Notary dues frozen since 1998: Victims out in cold

Managers of the nation’s notary registry have ignored the law and not raised monthly dues since 1998. That means that a large pot of money that should be available to pay victims of notary fraud and other illegal activities just does not exist.

The Dirección Nacional de Notariado, the national notary directorate, is part of the Ministerio de Justicia y Paz. The national registry is part of the same organization. It has not increased the legal dues to its membership since 1998.  Dues were enacted by Law 7764 to be accumulated into a fund, in part, to protect innocent people from member wrongdoings, including, but not limited to, property fraud transactions.

Currently, the organization is giving out identification numbers in the range of 17,000 for new notaries but there are only around 10,000 practicing today. They must pay 7,016 colons per month or about $13 dollars at today’s exchange rate. As of today, 970 are past due on their dues. This amount sums up to an estimated $107,000.  On an average, past due notaries are behind eight months. A full list can be found at the Dirección Nacional De Notariado Web site.

Until recently, even past due notaries have been able to carry out their functions without too much difficulty.  The problem is that some professionals are crooked. They have been involved in scams where they have notarized forged signatures of living and dead people to transfer property illegally.

Becoming a notary is an additional step when studying law in Costa Rica. An attorney does not have to be a notary to practice law in this country, but a notary needs to be an attorney.  Notaries are persons legally empowered to witness and certify the validity of documents. They also prepare affidavits referred to as actas.

Almost every legal document in Costa Rica is prepared by a notary and put in his or her actas book, called a protocolo. This is because a Costa Rican notary has public faith given to them by the country. They earn this status by going to law school, passing tests for notaries and doing additional work for two years. In other words, because of their power, whatever they transcribe is the legal binding truth to the best of their knowledge.

The notary for a historical record sends these actas to the national archive from time to time. They are not registered in the national registry, as many people believe. What is filed there is a testimony of the notary.

Allan Garro of Garro Law did an extensive study and found the Dirección Nacional de Notariado is not adhering to the law in his opinion. He said he feels this contributes to some notaries practicing the profession that would not be doing so if notary dues adhered to the original law.

He said in an interview that Law 7764 was enacted on Nov. 22, 1998.  Notary dues were tied to the base salary of a judicial  office worker, class one.

The law stated that the dues would not be more than one-twelfth of the base salary per month. In 1998, the salary was 84,200 colons, thus the monthly dues for a notary would have been one-twelfth of that amount or 7,016 colons.  This has not changed in 16 years and stands at that amount today.

“The law is clear,” Garro said. “Notary dues should be indexed to the base salary just like many other types of payments and fines.” “Today, the base salary is 399,400 colons, and notaries should be paying 33,283 per month. They are not paying their fair share to help curb notary fraud,” he added.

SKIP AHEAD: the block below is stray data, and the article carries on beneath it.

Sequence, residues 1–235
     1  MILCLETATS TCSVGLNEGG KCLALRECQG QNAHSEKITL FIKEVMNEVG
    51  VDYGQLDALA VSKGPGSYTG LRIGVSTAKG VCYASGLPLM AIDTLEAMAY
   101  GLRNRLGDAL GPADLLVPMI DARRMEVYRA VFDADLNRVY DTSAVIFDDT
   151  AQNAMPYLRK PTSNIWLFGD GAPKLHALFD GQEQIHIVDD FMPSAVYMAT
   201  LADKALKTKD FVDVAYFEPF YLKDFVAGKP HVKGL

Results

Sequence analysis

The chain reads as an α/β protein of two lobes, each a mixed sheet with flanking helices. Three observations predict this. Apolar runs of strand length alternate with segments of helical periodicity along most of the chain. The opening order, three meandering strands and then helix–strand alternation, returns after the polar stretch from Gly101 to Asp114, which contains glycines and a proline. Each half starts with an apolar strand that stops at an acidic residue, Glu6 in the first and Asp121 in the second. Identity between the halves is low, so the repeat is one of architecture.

Garro said he feels many property frauds could be curbed if the notary directorate charged what they should be charging as mandated by the law because it could keep the crooked ones from practicing. He may be correct. Many of the cases that have reached court involved a notary who was either suspended or in arrears with the dues.

In theory, the maximum payout out of the compensation fund is 200 basic salaries. Currently a basic salary is 399,400 colons as stated above or at the current exchange rate of 535 colons to the U.S. dollar: $745.  This means the payout could be as much as $149,000.

However, the directorate is using 84,200 colons for its base or $157. A notary working 16 years only has $2,512 paid in. The guarantee fund is managed by the Banco de Costa Rica, so with interest the total is around $6,000.  If dues had been indexed as they should have been, the fund would be much larger than it is today and could contribute to paying people who were wronged or lost a substantial amount of money due to a bad apple in the notarial membership.

Indexing is the way Costa Rica keeps many amounts like tax fines pegged to a metric to solve problems with inflation. The metric used here is a salario base or base salary. Most other organizations with amounts calculated based on this metric keep them current, but the Dirección Nacional De Notariado does not.

Garro’s argument may be a good one. If 10 percent of notaries are past due and suspended because of non-payment of their dues, how many would not be practicing if monthly dues were increased from 7,016 to 33,283 colons. This is a 400 percent increase.

Garland M. Baker, a certified international property specialist, is a 44-year resident and naturalized citizen of Costa Rica. His firm’s team provides multidisciplinary professional services to the country’s international community.  Reach him at  Baker has undertaken the research leading to these series of articles in conjunction with A.M. Costa Rica.  Find the collection at, a free reprint is available at the end of each article.  Copyright 2014. Use without permission prohibited.justice110314

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